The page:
Paradise Valley Spring Creeks

All are fishable year-round, though the first 3 weeks of June are not as good as March and April, late June and July, and October-November. Bookings will be tight from about June 20 through July 20.

Firehole River

Currently running 650cfs and near but probably not quite at its maximum flow for the year. This will be the best flowing water option in YNP through mid-May, and should maintain high enough and cold enough flows to continue fishing well through July 4, though it’s a heck of a drive and so we try not to go here after other, closer options get good.

Lower Madison River near Bozeman

This section of the Madison is our closest river float trip option. It is rising and getting dirty, but never gets too dirty to fish. High flows this year should keep it fishing well through July 4, possibly as late as the 10th. After that it will get too warm, as it always is during high summer. For now, we’re having mixed caddis and mayfly hatches for numbers of smaller fish and fishing San Juan Worms and streamers dragging bottom for bigger fish.

Upper Madison River from Quake Lake to Ennis Lake

This section of the Madison is a LOOOONNNNGGG way to go if you’re staying in Gardiner. Not bad if you’re in West Yellowstone. Still fishable but rising fast, and will likely be awfully high to wade-fish through all of June. That said, should remain JUST clear enough for drift boat nymphing. This is a better fishery than the lower Madison, and fishes well all summer, but it’s really too far to drive from Gardiner, and a long way even from Livingston.

Madison River in YNP

Will be marginal until the 10th-15th of June due to dirty water coming from the Gibbon and lower Firehole tributaries, but probably won’t get so dirty it’s out of the question. Should continue to fish well until July 5-10, with mornings a possibility for the whole summer if the weather stays cool/wet.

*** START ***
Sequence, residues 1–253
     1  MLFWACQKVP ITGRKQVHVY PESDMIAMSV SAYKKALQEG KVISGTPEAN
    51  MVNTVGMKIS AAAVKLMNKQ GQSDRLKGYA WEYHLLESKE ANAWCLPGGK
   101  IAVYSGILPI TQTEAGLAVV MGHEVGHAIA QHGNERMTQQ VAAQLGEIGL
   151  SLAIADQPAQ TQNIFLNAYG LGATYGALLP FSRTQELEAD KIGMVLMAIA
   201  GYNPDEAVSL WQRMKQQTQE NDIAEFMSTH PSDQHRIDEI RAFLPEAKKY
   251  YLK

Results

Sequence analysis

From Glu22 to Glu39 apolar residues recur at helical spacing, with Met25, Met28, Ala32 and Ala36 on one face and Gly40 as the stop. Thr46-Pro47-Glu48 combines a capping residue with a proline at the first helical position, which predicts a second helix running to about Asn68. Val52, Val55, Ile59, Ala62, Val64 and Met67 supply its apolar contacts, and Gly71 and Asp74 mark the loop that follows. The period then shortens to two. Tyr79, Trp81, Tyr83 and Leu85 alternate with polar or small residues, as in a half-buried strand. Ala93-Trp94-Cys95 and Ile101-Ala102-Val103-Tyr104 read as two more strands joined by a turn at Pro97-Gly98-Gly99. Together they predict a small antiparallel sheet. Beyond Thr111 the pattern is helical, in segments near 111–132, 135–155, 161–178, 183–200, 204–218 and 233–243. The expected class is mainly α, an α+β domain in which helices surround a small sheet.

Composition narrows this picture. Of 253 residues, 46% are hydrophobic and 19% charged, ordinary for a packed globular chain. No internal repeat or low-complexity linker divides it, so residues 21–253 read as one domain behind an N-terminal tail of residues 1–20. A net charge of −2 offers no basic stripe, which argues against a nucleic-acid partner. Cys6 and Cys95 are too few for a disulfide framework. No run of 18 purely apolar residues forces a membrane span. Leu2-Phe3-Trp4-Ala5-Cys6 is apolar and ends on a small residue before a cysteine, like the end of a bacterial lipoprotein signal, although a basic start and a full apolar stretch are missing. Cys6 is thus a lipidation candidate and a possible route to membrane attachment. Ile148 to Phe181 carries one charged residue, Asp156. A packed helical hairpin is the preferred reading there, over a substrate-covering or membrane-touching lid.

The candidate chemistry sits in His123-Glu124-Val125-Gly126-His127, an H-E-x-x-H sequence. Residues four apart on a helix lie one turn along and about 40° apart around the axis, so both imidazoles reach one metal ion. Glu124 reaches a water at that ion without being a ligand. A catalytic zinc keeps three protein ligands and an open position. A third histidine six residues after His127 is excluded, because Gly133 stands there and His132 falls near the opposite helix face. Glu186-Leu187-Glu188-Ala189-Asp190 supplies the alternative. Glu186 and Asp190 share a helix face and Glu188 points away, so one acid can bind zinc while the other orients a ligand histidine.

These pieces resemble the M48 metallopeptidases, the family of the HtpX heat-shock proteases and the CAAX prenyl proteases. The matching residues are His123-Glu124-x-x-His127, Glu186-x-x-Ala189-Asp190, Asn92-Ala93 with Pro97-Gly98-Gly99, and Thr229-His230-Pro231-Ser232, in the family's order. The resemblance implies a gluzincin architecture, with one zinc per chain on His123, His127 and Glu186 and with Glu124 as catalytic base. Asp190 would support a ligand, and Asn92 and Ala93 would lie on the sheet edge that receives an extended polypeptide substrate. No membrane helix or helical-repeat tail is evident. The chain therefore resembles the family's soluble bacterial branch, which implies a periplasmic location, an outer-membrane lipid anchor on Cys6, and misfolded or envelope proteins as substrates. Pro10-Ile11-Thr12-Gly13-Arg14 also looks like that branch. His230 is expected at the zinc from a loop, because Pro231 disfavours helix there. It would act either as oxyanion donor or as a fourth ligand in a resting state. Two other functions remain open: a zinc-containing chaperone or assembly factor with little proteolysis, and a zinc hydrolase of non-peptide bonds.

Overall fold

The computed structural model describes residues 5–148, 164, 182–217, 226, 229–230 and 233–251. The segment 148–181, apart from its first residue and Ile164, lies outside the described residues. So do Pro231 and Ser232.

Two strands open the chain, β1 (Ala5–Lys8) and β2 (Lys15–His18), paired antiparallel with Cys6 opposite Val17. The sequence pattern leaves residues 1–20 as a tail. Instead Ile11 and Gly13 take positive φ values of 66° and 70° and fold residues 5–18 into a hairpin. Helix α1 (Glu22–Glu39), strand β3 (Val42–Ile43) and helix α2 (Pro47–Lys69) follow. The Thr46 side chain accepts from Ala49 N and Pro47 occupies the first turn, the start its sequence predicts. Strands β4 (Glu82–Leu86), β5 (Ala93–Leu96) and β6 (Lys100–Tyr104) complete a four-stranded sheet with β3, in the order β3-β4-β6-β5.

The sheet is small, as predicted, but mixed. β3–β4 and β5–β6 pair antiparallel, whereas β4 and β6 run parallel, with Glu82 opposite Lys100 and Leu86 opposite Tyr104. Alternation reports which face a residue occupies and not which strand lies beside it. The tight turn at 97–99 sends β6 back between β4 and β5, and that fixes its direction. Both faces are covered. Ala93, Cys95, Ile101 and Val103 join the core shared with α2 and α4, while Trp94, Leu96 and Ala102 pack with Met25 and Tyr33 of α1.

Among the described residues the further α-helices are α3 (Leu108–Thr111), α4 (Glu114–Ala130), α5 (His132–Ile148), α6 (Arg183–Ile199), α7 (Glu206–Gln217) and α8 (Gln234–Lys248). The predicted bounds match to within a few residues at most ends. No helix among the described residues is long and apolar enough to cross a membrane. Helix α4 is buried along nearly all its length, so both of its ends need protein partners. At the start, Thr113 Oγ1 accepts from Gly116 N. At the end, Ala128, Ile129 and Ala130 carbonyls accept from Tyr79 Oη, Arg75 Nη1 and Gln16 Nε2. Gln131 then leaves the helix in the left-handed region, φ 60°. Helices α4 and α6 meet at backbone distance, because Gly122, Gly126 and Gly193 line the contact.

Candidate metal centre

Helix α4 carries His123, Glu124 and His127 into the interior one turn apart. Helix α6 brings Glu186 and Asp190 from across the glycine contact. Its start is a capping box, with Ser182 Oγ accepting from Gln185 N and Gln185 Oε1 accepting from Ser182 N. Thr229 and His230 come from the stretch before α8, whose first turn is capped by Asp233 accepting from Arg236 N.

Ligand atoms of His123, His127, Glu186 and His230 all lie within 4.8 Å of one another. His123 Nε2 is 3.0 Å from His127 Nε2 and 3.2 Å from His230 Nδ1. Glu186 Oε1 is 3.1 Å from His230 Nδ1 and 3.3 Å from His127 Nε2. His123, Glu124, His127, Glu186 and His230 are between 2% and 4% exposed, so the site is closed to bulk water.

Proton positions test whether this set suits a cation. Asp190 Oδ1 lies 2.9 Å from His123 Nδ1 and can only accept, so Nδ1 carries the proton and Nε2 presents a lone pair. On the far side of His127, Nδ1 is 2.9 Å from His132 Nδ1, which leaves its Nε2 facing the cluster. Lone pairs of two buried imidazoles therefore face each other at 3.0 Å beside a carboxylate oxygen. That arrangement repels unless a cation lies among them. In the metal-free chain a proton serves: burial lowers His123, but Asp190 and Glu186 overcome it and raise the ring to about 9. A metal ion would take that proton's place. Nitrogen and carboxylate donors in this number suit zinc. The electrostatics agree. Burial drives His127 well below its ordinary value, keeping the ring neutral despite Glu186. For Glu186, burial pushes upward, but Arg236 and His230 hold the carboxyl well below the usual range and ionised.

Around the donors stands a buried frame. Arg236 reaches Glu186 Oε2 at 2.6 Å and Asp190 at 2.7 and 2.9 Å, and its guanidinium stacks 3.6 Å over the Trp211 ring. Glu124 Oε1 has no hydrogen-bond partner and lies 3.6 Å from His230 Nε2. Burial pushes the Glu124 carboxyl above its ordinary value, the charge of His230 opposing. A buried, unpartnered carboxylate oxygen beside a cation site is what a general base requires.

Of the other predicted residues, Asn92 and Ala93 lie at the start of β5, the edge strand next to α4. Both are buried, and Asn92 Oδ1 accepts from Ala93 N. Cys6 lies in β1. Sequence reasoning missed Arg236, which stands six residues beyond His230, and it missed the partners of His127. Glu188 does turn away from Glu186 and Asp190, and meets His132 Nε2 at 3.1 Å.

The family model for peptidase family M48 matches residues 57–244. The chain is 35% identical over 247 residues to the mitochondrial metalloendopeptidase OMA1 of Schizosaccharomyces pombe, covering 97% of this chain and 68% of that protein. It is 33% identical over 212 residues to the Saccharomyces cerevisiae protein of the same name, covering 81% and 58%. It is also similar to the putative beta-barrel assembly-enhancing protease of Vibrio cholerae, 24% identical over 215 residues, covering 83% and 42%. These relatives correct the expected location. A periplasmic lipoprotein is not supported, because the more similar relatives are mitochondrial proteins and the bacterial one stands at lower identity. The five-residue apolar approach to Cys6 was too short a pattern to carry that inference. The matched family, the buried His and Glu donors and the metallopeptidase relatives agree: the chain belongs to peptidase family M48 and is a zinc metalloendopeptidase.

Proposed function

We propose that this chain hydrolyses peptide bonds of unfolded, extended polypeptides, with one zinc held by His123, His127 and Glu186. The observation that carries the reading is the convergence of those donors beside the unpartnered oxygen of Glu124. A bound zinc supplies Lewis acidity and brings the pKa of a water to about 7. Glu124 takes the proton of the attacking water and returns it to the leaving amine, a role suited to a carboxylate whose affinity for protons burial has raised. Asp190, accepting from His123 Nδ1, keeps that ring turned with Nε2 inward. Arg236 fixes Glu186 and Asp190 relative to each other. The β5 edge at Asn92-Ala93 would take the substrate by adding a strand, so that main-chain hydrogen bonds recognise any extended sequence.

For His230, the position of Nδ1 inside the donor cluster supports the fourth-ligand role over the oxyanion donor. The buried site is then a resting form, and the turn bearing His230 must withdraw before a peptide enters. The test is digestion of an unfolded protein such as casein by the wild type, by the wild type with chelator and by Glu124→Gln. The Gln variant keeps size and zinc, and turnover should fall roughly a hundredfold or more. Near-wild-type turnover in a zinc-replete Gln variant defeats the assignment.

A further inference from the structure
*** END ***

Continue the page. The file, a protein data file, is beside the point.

Gibbon River

Fished well on the opener, but rising and running above its seasonal averages. The canyon will be marginal until the 10th-15th of June, then good (better than the Firehole in fact). The meadow water will be tough until the 15th. The Gibbon should fish well into the middle of July, particularly in the mornings.

YNP Lakes

All except Lewis and Shoshone will be ice-free and accessible (albeit wet, sloppy, marshy messes) by June 1. Lewis and Shoshone will follow by June 10. All will fish best from mid-June through mid-July.

Boulder River

This one takes a lot to get muddy and drops quick, so it should be floatable (though too high to wade) by June 20-25. It is gangbusters for a month thereafter, with probably the best attractor dry-dropper float fishing in our operations area, with most fish being rainbows in the mid-teens for length. The catch is that the “boat ramps” are horrifically bad, meaning clients need to be surefooted to traverse them and also must help us launch and/or pull out the boats. On top of that, the water is fast and shallow, requiring rafts.

Gardner River

Flowing at over 900cfs and rising. She’s blown and will be until probably June 20-25 even in the lower section below Boiling River. After that, it’ll be nymphs for 10 days, then the Salmonflies will start around July 4. Even the lower river below Boiling River should be cool enough through summer to fish well, and above Boiling River is always one of our favorite fisheries July-October.

Jefferson River

Chocolate stew. Should clear in the last week of June or early in July, but will only fish for about a week thereafter until drawn down too low for irrigation. In that short window it’s a good bet for those looking for ONE BIG BROWN, and we are offering floats here this year. Downside is the approx 2hr drive from Gardiner.